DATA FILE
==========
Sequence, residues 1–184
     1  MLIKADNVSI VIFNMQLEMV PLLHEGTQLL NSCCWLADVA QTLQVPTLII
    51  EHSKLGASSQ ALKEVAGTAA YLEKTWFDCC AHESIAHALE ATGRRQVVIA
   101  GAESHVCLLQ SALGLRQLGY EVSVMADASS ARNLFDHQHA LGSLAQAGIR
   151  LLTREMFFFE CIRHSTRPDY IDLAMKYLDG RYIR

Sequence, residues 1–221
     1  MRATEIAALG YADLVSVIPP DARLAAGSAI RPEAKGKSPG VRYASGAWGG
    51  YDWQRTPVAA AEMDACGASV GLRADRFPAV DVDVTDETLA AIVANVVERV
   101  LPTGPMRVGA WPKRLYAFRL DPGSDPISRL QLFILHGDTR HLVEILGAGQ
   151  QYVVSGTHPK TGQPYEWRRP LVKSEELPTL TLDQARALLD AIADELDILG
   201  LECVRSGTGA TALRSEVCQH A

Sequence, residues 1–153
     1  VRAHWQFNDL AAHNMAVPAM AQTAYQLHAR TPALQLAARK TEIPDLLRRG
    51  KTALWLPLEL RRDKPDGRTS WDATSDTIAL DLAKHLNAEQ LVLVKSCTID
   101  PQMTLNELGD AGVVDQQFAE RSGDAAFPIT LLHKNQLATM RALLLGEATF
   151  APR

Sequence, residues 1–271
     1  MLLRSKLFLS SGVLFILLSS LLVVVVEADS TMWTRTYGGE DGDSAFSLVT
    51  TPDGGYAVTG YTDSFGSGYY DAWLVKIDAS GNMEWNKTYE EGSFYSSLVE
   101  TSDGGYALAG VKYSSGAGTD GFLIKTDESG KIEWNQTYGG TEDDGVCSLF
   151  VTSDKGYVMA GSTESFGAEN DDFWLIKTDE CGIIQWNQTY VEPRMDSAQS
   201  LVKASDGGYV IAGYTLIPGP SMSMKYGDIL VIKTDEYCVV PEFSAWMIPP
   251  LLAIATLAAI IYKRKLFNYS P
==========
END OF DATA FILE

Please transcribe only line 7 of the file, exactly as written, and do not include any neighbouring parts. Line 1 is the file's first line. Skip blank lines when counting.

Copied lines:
     1  MRATEIAALG YADLVSVIPP DARLAAGSAI RPEAKGKSPG VRYASGAWGG